Watching salt intake is an important part of cardiovascular health, and new research points to another reason to watch your consumption: your immune system.
Salt (sodium) and consuming it through table salt (sodium chloride) is part of an important balance of electrolytes within the body. Researchers at the University of Würzburg have uncovered a complex role that salt has to play in the immune system that was previously undetected.
Studies in the past lead to an assumption that eating a high-salt diet was good for the immune system based on results achieved from animal studies with parasitic skin infections. This caused scientists to believe that the stimulation of the immune system cells which attack (called macrophages) was enhanced through high-salt diets and predisposed scientists towards endorsing salt because of its ability to enhance the immune system.
We now know, through this year’s study in March, that this conclusion is false. Scientists failed to acknowledge that salt does work well in skin-related biological processes, which is why the skin infections showed an improvement. Salt is held in reserve in skin. However, the extra salt that is consumed doesn’t travel to other parts of the body.
When salt is consumed, the kidneys can detect it because they have a sensor that is sensitive to sodium chloride, and it triggers the kidneys to filter it and excrete it. A secondary effect of the kidneys’ sodium chloride sensor being activated is the cascade of events which follows and disrupts immune system cells.
Glucocorticoids are naturally occurring steroids within the body that are responsible for fighting inflammation. Unfortunately, when the sensor in the kidneys is activated after detecting salt, it causes the glucocorticoids to accumulate. The major problem with the extra glucocorticoids in the body is that they disrupt the functioning of the most common immune cell: the granulocytes.
Granulocytes function similarly to macrophages in that they scavenge and attack foreign invaders and are important parts of the immune system. Instead of attacking parasites like the macrophages as illustrated in the animal studies on salt in the past, granulocytes prefer to attack bacteria.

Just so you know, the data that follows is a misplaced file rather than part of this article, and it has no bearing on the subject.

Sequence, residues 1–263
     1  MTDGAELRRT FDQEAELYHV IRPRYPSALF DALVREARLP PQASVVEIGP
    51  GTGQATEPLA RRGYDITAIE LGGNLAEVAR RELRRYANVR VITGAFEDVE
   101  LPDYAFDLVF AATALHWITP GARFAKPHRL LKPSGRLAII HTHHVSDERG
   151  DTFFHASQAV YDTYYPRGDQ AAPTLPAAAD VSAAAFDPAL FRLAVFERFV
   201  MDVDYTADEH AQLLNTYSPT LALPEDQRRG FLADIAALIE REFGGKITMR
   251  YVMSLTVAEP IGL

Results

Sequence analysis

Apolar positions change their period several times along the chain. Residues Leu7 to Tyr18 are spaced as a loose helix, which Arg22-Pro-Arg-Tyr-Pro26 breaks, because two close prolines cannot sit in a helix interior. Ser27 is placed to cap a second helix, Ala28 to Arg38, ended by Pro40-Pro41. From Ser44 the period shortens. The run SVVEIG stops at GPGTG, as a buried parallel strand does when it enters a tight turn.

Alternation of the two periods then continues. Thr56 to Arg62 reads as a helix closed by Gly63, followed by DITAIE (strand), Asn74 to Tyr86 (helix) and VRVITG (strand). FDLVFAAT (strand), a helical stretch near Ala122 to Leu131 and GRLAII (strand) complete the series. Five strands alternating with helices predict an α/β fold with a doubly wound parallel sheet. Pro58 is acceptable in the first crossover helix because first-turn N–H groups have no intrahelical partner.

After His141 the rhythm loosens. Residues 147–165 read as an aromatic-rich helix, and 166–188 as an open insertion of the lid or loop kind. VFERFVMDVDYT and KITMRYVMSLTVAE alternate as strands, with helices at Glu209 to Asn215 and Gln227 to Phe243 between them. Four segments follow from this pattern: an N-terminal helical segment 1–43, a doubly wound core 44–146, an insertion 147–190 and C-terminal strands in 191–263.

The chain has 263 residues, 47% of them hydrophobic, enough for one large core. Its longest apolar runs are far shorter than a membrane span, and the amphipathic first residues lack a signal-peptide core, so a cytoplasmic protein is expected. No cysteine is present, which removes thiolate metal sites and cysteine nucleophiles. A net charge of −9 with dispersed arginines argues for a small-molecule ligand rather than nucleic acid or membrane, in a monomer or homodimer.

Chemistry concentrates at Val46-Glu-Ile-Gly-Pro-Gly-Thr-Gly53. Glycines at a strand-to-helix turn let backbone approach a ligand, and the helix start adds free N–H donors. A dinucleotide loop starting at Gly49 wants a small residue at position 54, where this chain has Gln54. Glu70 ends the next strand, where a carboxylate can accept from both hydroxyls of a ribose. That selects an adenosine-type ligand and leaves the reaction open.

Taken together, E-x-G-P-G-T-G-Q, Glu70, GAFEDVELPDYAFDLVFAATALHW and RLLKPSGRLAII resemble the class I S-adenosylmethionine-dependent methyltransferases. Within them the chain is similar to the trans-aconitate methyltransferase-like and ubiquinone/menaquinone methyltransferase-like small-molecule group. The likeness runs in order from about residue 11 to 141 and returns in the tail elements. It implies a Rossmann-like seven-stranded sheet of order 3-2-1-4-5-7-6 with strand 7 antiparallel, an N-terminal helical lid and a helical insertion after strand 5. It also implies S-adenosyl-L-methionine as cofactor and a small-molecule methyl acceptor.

To test this, scientists fed a high-salt diet to rats infected with the listeria bacteria, and they found that there was between 100-1,000x more bacterial units and pathogens in the rats who were consuming excess salt. They also noted that rats fed a high-salt diet healed more slowly from urinary tract infections.
In humans, researchers added 6 grams of salt to their regular daily intake (5 grams of salt is the current recommendation, which is about 1 teaspoon of salt daily). This additional salt intake was about the same amount you’d find in two fast food “burger and fries” meals. After analyzing their blood for granulocytes, they found that the function of the granulocytes was impaired, and the participants weren’t able to fight off bacterial infections as well after the high-salt experiment.
Additionally, the salt also affected the humans’ glucocorticoid levels as expected, resulting in increased glucocorticoids in the body. This can cause immunodeficiency because, while steroids fight inflammation, they also suppress the immune system.
Salt recommendations and the science behind how it affects the body is changing. If you weren’t already trying to watch your salt intake, maybe knowing that it can make your immune system stronger will give you extra motivation to consume it more consciously.
Instead of seasoning with salt, try a wider variety of spices and herbs. There are many salt-free seasonings available: try adding flavor with the Mrs. Dash line of salt-free seasonings that never leave me wanting to add salt!
Katarzyna Jobin, Natascha E. Stumpf, Sebastian Schwab, et al. A high-salt diet compromises antibacterial neutrophil responses through hormonal perturbation. Science Translational Medicine, 2020 DOI: 10.1126/scitranslmed.aay3850